•National Arts Centre, Southam Hall, 53 Elgin St., 866-850-ARTS. nac-cna.ca
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Centre Stage: Compagnie Marie Chouinard in Ottawa

Choreographer Marie Chouinard brings two dance routines to the National Arts Centre. (Photo: Marie Chouinard)

Choreographer Marie Chouinard brings two dance routines to the National Arts Centre. (Photo: Marie Chouinard)

JAN. 17 Gambolling in the ice and snow might not be everyone’s cup of tea, especially when temperatures drop and the blizzards start howling. Thankfully, there’s plenty to do indoors, with dancers from around the world heating up the capital’s stages. Try Henri Michaux: Mouvements and Gymnopédies by Compagnie Marie Chouinard (pictured). In their performance at the National Arts Centre, members of the troupe form silhouettes that match projections of drawings by poet and artist Henri Michaux. —Amy Allen
•National Arts Centre, Theatre, 53 Elgin St., 866-850-ARTS. nac-cna.ca
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Fighting in Flanders at the Canadian War Museum

This German howitzer was just one of many machines of war that Canadian troops had to contend with in Belgium. (Photo: Canadian War Museum)

This German howitzer was just one of many machines of war that Canadian troops had to contend with in Belgium. (Photo: Canadian War Museum)

Canada’s military contributions to World War I cannot be underestimated. It was largely thanks to Canadians that Allied forces managed to hold the line at the Battle of Ypres for as long as they did; similarly, they were instrumental in the capture of Passchendaele in 1917. Fighting in Flanders — Gas. Mud. Memory explores the many challenges that Canadian troops faced during these pivotal battles in Belgium. On display at the Canadian War Museum until April 6.
•Canadian War Museum, 1 Vimy Place, 819-776-7000. warmuseum.ca
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Dark Tranquillity at Mavericks

Dark Tranquillity, one of the original bands from the Gothenburg death metal scene, performs at Mavericks on Jan. 10. (Photo: Daniel Falk)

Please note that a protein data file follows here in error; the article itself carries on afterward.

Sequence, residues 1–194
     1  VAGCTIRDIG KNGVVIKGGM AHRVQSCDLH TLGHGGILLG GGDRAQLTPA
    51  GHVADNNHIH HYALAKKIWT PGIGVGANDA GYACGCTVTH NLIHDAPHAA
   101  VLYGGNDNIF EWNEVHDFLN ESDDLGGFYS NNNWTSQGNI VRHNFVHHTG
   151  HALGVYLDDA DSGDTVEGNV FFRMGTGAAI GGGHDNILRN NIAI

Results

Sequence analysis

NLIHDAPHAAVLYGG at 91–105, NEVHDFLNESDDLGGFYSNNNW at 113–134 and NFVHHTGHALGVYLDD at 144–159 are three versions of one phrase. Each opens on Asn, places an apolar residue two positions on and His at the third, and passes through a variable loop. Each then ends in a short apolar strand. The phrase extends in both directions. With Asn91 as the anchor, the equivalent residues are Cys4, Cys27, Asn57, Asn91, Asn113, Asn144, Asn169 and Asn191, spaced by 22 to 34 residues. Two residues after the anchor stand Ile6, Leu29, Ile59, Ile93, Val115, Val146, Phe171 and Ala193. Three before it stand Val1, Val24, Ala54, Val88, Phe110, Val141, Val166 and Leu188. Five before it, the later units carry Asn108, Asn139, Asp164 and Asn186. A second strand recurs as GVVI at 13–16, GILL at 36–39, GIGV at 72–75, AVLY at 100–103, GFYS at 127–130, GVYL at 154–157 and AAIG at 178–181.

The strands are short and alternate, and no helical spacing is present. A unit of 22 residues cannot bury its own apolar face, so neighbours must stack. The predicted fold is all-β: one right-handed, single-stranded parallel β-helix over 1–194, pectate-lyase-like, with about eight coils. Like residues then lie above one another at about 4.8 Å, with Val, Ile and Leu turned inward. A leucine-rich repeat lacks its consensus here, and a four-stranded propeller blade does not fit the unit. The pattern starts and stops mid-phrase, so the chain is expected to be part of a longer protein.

Dark Tranquillity, one of the original bands from the Gothenburg death metal scene, performs at Mavericks on Jan. 10. (Photo: Daniel Falk)

JAN. 10 The Gothenburg death metal scene evolved in the early 1990s, and Dark Tranquillity is considered a pioneer of the genre. Fusing aspects of death metal, progressive metal, and the New Wave of British Heavy Metal, they continue to prove the formula works — after all, they have 10 studio albums to their name, and remain one of the most successful bands from the original Gothenburg scene. —Amy Allen
•Mavericks, 221 Rideau St., 613-562-3941. mavericksbar.com
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Surreal Sights at Trinity Art Gallery

Alena Liapko's paintings bring the capital's sights to surreal life. (Photo: Courtesy of the Artist)

Alena Liapko’s paintings bring the capital’s sights to surreal life. (Photo: Courtesy of the Artist)

Alena Liapko’s stunning watercolours of Ottawa’s landscapes depict at once the familiar and the unknown. The luminous colours and undulating lines of the Gatineau Hills and the ByWard Market bring an element of fantasy to the city, where the buildings themselves seem to surge with an inner life. The exhibition features the best of Liapko’s work from 2014. On display from Jan. 8 until Feb. 10. —Amy Allen
•Trinity Art Gallery, 245 Centrum Blvd., 613-580-2787. ottawa.ca/arts

Little Ray’s Reptile Zoo

Little Ray's has over 150 animals on display, including alligators, pythons, cobras, rattlesnakes, and more. (Photo: Matthew Belyea/MTKS Adventures)

Little Ray’s has over 150 animals on display, including alligators, pythons, cobras, rattlesnakes, and more. (Photo: Matthew Belyea/MTKS Adventures)

With the cooling weather, consider cozying up to some of the world’s cold-blooded creatures. Little Ray’s Reptile Zoo is the largest reptile rescue group in Canada, and displays over 150 live animals every day, including alligators, cobras, giant pythons, and rattlesnakes. The zoo is heavily invested in animal education and outreach, and has 25 permanent exhibits along with 20 feature exhibits that rotate every six months. —Amy Allen
•Little Ray’s Reptile Zoo, 5305 Bank St., 613-822-8924. raysreptiles.com
Map and reviews

Breeding Champions at the Canadian Museum of History

Breeding Champions explores the life of E.P. Taylor, whose prize racehorse Northern Dancer captured the Kentucky Derby. (Photo: Tony Leonard)

Breeding Champions explores the life of E.P. Taylor, whose prize racehorse Northern Dancer captured the Kentucky Derby. (Photo: Tony Leonard)

Canadian business magnate E.P. Taylor was a prolific man. He launched his career by building the largest brewing company in the world and went on to become a famous breeder of thoroughbred racehorses. His stallion Northern Dancer was the first Canadian-bred horse to win the Kentucky Derby. Breeding Champions, an ongoing exhibition at the Canadian Museum of History, explores how Taylor built his stable, Windfields Farm, and became one of the best breeders in the world. On display until Jan. 18, 2015. —Amy Allen
•Canadian Museum of History, 100, rue Laurier, Gatineau, 819-776-7000. historymuseum.ca